13 July 2012

Nobody in his Senses

SS Vallejo
I first read Alan Watts' The Way of Zen (1957) in the early 1980s. I was alerted to Alan Watts by my then future father-in-law who kept a picture of the SS Vallejo on the wall of his bedroom in Minnesota.

The Vallejo is a legendary ferry that was converted to a houseboat and moored in Sausalito. Alan Watts inhabited the Vallejo from 1961 to 1969. The epicenter of the 1960's counter-culture was centered around San Francisco, if not this venerable but dilapidated houseboat.

The Way of Zen became a seminal book that introduced a burgeoning youth culture to Eastern Philosophy, and specifically to Buddhism, throughout the decades of the 60s, 70s, and 80s.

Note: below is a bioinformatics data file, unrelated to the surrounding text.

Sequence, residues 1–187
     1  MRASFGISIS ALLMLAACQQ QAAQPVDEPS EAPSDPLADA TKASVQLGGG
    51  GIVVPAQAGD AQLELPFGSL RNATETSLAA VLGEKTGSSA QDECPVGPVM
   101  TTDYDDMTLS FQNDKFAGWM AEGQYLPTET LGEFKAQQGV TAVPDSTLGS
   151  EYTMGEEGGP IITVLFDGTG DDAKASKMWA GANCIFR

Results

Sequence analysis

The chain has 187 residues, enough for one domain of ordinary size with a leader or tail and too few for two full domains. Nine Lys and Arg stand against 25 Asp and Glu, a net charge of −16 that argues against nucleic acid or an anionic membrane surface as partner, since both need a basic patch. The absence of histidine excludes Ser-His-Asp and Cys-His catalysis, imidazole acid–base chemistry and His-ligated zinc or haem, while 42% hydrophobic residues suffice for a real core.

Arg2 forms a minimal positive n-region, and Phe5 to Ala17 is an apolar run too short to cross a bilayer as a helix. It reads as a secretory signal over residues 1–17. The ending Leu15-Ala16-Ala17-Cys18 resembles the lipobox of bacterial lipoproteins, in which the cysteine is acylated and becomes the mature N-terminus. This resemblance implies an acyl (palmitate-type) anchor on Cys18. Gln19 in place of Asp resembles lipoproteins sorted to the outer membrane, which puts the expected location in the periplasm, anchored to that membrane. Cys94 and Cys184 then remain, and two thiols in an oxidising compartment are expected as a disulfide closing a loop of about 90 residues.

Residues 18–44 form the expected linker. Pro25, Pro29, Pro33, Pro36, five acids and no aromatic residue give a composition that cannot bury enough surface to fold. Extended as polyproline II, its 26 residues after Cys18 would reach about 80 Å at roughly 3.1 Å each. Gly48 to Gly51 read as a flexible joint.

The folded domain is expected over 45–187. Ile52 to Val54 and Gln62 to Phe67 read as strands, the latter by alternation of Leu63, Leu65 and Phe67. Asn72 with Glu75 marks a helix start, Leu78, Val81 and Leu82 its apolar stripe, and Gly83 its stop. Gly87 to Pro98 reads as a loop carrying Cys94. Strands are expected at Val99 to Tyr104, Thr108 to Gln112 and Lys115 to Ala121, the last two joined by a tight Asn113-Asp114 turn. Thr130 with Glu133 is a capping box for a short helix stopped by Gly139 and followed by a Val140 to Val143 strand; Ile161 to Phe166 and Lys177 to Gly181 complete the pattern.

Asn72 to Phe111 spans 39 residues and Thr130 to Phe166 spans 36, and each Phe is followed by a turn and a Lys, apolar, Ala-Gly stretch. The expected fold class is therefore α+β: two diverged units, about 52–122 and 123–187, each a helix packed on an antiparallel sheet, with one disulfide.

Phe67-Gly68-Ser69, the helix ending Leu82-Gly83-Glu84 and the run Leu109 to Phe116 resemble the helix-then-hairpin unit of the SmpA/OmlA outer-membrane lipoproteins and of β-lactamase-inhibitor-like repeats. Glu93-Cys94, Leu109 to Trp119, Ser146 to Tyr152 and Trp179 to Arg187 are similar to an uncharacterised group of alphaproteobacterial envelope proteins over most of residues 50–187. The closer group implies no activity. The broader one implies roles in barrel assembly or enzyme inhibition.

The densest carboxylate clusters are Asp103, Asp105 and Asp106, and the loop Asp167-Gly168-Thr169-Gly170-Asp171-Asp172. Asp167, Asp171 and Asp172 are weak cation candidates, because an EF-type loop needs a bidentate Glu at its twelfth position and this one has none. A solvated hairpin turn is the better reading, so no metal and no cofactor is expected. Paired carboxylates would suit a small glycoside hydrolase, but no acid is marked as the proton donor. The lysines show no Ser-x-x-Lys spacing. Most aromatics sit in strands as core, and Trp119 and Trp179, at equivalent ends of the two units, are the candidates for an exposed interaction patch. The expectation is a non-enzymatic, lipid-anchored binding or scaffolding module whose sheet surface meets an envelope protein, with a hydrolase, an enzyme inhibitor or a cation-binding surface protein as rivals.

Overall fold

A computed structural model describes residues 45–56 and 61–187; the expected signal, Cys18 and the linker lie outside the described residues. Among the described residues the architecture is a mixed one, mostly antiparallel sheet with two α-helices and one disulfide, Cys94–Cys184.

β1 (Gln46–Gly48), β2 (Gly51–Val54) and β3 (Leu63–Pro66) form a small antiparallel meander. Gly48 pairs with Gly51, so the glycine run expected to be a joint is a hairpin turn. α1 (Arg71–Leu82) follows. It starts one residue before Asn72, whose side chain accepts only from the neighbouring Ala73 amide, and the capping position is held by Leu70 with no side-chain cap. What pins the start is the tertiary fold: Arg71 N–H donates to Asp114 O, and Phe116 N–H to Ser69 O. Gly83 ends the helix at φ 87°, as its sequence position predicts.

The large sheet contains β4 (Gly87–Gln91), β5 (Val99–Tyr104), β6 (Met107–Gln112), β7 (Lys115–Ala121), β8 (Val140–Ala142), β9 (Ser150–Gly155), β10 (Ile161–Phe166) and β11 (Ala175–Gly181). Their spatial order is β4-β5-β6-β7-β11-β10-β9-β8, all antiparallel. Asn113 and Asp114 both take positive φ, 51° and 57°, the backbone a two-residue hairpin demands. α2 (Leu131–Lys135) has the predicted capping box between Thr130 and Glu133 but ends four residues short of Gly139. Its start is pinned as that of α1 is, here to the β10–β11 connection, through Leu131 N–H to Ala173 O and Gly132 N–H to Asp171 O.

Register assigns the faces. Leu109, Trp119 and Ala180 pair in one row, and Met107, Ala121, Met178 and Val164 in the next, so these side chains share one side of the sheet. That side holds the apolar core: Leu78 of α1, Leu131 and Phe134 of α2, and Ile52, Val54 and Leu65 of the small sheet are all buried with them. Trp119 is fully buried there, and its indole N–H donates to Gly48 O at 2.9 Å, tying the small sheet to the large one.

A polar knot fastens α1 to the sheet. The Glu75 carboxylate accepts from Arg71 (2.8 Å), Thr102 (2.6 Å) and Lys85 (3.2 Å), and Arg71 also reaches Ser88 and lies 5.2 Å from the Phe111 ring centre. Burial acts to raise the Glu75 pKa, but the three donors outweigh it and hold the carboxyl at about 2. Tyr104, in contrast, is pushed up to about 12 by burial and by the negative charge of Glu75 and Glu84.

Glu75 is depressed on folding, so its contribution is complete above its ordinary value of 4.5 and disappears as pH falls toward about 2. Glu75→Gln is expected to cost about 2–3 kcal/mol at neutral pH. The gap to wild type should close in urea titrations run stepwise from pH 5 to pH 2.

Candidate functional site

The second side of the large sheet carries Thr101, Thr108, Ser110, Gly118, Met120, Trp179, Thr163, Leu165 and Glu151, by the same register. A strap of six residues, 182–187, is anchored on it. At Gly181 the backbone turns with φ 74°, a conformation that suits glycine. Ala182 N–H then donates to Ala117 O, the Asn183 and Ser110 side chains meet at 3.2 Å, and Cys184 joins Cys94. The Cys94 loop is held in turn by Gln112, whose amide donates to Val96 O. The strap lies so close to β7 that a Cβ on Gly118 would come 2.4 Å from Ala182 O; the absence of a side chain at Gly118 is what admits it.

The teachings of Alan Watts, and of my father-in-law, continue to guide me.

The video of Awareness Meditation (below) is from a KQED TV program called The Silent Mind  (1960 © KQED).

If we live in entirely in a world of thought, all the things we pursue in life tend in a way to become arid and unsatisfactory because we are living in an abstract world. In other words, nobody in his senses is going to eat a menu instead of dinner.
~Alan Watts (23:40)

No comments:

Post a Comment

Thank you for commenting.